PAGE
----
Friday, August 24, 2018

Lessons From A Fig


When I once read about Zacchaeus up in the sycomore tree, I wondered why the specific tree was recorded and if there was something biblically significant about a sycomore tree.

To make sure I had the right tree I looked up the Greek; συκομορέα (sykomorea) Strong’s G4809, and Hebrew; שקמה (shiqmah) Strong’s H8256, and also found the Latin name; Ficus sycomorus. I always had a vivid imagination of this little man determined and excited to see Jesus and I wanted to find a treasure in this part of God’s word with the same attitude.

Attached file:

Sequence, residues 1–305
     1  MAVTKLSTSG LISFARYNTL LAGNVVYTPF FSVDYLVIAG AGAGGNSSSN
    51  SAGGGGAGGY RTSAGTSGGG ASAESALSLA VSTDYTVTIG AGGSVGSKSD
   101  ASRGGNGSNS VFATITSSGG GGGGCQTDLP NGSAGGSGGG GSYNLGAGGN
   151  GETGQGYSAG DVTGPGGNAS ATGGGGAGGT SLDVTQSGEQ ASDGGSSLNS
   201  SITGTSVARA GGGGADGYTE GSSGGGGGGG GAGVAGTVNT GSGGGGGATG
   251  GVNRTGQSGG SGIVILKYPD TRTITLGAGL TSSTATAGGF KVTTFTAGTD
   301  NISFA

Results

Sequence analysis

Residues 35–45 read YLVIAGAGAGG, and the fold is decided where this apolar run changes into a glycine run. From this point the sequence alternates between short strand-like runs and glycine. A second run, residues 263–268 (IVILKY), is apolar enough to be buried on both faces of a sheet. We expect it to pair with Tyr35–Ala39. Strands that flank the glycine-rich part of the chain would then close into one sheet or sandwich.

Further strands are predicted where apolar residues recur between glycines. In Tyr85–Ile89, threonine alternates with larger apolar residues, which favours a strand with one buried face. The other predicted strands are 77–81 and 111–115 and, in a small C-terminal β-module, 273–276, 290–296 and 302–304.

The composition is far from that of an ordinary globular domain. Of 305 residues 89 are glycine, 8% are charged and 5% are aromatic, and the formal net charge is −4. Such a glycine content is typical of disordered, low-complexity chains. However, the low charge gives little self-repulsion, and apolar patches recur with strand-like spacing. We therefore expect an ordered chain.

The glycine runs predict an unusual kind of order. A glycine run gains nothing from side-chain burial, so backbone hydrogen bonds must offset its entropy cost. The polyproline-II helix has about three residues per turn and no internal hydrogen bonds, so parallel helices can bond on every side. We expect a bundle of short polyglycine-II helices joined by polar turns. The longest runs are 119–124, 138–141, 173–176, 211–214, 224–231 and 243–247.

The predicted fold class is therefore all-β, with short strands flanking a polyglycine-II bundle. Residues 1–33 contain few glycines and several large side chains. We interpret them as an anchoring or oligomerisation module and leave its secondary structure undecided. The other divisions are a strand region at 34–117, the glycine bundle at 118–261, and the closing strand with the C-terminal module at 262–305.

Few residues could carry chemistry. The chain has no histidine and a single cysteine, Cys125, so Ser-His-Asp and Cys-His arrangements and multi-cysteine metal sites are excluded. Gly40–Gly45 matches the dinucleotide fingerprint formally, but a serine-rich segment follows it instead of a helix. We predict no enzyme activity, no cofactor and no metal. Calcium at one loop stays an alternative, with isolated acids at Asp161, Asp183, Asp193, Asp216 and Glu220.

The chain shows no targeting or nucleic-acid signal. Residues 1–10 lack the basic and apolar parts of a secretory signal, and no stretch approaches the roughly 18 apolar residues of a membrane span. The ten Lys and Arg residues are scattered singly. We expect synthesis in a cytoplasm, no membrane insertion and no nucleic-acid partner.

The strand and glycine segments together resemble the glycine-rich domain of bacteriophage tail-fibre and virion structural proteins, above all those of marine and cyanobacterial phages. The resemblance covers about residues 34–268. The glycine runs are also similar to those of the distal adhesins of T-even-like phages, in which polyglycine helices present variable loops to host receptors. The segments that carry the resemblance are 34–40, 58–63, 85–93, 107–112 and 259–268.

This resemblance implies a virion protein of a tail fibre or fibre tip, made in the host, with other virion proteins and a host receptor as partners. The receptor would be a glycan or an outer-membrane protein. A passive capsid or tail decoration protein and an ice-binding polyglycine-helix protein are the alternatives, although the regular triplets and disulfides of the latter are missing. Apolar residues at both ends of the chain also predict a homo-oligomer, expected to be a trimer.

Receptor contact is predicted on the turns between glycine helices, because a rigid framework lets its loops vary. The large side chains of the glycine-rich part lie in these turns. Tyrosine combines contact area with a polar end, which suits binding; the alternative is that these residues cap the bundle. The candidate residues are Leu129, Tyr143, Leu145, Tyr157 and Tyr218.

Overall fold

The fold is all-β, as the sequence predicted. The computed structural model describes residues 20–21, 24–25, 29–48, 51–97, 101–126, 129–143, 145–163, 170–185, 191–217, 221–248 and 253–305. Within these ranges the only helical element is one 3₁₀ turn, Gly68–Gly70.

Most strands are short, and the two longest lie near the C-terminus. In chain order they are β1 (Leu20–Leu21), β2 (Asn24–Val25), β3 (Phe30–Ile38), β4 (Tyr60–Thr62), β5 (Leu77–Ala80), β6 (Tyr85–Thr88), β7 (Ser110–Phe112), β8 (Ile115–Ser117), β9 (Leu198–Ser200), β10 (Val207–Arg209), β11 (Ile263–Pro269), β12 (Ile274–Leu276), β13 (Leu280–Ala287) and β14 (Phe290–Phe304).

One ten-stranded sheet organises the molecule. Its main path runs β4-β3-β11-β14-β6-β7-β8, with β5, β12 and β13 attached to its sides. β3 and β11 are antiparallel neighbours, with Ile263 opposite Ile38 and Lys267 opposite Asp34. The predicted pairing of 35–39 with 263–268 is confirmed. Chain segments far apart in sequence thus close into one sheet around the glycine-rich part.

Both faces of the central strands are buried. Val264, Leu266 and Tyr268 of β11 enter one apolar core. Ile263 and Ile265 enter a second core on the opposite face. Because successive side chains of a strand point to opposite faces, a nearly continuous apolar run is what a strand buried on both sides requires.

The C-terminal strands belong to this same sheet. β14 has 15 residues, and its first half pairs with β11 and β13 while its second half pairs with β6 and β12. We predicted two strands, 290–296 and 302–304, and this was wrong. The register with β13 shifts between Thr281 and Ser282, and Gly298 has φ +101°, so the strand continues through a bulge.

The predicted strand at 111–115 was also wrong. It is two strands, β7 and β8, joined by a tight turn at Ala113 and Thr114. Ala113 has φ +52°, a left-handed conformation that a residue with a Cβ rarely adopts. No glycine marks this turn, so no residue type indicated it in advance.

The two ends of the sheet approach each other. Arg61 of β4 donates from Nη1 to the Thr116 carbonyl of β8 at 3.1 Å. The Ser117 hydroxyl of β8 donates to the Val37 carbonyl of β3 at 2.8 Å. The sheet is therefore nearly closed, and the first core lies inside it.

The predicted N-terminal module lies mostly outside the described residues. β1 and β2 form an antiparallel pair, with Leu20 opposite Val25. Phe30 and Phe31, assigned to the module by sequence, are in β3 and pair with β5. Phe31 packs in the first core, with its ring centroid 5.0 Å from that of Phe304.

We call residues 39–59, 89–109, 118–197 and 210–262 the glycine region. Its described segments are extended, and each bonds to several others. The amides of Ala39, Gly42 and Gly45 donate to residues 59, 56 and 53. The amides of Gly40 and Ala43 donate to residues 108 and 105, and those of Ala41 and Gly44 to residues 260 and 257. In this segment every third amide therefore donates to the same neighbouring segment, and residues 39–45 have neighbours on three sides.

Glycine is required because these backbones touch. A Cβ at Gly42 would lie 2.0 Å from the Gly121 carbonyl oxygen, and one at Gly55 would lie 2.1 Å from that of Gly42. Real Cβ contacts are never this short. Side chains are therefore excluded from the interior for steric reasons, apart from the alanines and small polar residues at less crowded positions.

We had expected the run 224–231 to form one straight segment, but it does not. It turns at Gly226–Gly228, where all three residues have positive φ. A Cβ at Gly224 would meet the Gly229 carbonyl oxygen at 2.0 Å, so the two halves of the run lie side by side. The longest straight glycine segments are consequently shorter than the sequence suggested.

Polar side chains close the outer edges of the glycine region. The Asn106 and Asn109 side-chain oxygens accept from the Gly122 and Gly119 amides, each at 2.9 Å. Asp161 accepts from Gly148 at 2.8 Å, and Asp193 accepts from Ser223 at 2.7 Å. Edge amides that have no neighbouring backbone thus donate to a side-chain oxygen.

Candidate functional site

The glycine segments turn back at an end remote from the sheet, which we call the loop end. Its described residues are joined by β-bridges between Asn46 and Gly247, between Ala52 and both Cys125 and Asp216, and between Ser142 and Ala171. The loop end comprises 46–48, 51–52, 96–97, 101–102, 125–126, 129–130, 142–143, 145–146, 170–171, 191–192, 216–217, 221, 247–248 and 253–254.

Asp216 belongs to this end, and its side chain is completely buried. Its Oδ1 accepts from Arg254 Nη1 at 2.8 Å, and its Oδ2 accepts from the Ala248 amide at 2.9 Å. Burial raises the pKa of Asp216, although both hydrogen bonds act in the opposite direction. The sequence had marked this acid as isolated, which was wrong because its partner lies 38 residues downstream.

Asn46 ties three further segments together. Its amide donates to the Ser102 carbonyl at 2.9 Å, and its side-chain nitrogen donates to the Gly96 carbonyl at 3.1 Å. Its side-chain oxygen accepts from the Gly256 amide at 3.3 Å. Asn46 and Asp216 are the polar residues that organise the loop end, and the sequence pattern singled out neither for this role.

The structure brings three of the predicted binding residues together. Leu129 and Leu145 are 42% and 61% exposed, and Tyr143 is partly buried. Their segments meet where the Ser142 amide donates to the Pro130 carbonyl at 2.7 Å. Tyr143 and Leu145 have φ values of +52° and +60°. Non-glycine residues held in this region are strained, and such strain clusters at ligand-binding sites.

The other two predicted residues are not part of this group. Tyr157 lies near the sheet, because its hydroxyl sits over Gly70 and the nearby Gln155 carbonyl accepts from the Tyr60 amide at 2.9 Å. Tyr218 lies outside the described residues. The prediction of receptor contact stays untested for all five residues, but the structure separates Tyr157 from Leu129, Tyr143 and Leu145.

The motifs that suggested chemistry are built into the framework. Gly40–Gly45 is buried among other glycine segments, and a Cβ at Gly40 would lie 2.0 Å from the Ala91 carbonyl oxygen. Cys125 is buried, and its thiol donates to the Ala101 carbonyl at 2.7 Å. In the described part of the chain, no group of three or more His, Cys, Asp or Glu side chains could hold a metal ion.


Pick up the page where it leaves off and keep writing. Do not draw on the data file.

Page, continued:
After more than a year I have the answers to the following questions which were filed away in my mind, “Why have I never seen a fig tree in flower and what is it about this sycomore tree that it is mentioned in the bible?”

The only time I have seen a sycomore fig tree was at Sdot Yam Kibbutz, Caesarea, Israel while walking along a path. I had stopped to look at an enormous tree with a multi stemmed trunk. I am sure this tree, which bore many unripe green and yellow figs, was taking up a quarter of an acre with its widespread branches.

I picked up a yellow fig from the ground and opened it up. Inside there were ants smaller than sugar ants, yet smaller still were the tiny winged insects that the ants were carrying. This is all I had time to observe. In months to come I studied the Ficus sycomorus by reading university reports and other articles.